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Music Review: Tokyo Police Club – Elephant Shell

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With determination, you can accomplish quite a lot in under three minutes. In terms of Newmarket’s Tokyo Police Club, entire stories can be told in under three minutes and melodies can bob and weave through the confines of indie rock and post-punk revival without being hasty. On Elephant Shell, the Ontario group’s first LP, that’s just what they do.

With only one song clocking in over three minutes and a total runtime a smidgen under 28 minutes, Elephant Shell is one of the most succinct albums of the year and matches with REM’s Accelerate for depth through concision. The music is intricate and yet carries an unfussiness that creates melodies that are utterly hummable and alluring.

The bar was set pretty high after the critically-acclaimed Lesson in Crime EP, as its quick introduction to the band tore through 16-minutes of blazing guitar-riff heaven. In danger of perhaps being too to the point, Tokyo Police Club waited a year and a half before finally dropping Elephant Shell last month. The wait was worth it.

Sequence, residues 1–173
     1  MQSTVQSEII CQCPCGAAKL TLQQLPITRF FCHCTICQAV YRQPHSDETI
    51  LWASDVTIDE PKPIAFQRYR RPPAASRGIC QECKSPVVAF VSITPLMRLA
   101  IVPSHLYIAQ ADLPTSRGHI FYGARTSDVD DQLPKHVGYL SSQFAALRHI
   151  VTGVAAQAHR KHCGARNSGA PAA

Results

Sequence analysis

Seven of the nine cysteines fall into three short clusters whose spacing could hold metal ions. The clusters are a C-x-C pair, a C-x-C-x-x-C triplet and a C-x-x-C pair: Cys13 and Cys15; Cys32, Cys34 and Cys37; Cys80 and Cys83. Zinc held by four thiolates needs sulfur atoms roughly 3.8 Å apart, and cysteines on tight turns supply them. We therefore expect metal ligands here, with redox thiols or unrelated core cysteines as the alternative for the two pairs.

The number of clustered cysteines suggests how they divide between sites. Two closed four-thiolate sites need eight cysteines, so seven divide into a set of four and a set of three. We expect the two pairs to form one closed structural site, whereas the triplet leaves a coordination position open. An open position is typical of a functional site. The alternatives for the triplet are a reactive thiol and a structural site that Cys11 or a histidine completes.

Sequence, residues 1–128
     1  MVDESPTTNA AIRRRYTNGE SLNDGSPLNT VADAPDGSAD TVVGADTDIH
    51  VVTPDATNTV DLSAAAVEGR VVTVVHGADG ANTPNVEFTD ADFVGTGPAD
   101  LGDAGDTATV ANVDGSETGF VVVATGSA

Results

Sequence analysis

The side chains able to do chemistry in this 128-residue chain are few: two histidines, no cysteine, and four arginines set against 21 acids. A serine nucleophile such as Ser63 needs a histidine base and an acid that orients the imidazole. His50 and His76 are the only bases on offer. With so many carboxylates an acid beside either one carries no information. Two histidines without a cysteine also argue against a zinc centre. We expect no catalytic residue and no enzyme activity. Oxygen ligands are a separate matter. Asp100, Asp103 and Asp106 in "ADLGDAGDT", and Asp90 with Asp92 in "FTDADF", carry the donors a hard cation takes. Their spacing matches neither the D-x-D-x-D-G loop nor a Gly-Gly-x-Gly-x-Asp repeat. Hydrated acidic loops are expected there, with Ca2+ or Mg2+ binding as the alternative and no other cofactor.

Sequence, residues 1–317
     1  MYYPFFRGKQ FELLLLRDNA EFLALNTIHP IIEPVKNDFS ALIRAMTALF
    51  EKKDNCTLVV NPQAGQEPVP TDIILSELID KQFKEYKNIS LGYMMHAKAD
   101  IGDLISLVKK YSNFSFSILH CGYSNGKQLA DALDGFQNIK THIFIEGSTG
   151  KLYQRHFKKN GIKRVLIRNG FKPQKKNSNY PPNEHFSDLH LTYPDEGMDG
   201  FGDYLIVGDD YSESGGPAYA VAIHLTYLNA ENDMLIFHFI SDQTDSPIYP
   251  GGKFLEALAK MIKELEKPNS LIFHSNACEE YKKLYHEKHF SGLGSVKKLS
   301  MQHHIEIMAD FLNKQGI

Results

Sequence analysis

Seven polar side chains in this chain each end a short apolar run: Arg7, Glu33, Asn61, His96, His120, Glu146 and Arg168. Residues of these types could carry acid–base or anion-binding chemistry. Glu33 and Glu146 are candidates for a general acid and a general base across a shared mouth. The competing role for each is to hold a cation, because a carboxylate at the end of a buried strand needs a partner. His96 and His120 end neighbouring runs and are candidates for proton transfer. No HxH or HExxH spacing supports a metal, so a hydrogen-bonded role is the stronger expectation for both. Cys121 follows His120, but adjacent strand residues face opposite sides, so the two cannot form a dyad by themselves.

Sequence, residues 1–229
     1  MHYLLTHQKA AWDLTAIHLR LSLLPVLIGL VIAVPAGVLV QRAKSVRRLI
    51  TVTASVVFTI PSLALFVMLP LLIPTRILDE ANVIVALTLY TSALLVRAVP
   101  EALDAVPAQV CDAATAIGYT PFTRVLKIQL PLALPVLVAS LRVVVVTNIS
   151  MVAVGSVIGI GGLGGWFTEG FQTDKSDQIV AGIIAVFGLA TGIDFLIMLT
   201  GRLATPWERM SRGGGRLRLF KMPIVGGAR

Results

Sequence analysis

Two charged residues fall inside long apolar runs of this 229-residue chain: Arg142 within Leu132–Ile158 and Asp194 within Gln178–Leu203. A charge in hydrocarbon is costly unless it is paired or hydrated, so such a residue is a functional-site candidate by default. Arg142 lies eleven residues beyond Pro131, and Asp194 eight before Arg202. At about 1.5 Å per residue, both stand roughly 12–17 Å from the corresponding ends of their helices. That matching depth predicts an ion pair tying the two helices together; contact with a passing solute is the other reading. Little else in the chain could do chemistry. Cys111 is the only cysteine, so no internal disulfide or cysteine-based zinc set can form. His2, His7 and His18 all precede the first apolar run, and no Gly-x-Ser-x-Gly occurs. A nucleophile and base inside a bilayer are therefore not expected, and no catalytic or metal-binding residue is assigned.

One of the things instantly apparent is how frontman David Monks has expanded on the themes in Lesson in Crime and tears a slightly Decemberists-quality swath through Elephant Shell. The lyrics are strong, painting elegant word pictures that sail over the band’s pensive pop surroundings with ease. Monks’ lyrics are genuine, yet filled with a sense of gloom and desolation at times. Always eloquent, one can get a deep sense of insight with his simple phrases.

Songs begin suddenly and end just as abruptly, such as the album’s first track, “Centennial.” As though setting the bar for short, effective anthems, “Centennial” works as an overture and as a sign of things to come.

Other songs pour brilliantly into small spaces, like the graceful “Tessellate” with its spirited lyrics and clap-along tempo. Monks’ description of “all the kids who cut their knees on that old schoolyard fence” calls upon grey-skied memories and tickles of rebellion.

Monks and Co. deliver songs with mental clarity, unfolding pictures and dusty memories with a simple swoop of phraseology or an elegant flourish of guitar and keyboard. Songs like “Sixties Remake” and the bouncy “Your English is Good” showcase the group’s conciseness, as tight bass lines play with sharp rhythm and background vocals to create immediate poppy sticks of musical dynamite.

Always sharp and never tedious, Elephant Shell is a phenomenal follow-up to Lesson in Crime and serves as a beautiful collection of lyrics and quick songs that get to the point and linger long after the closing notes melt away.

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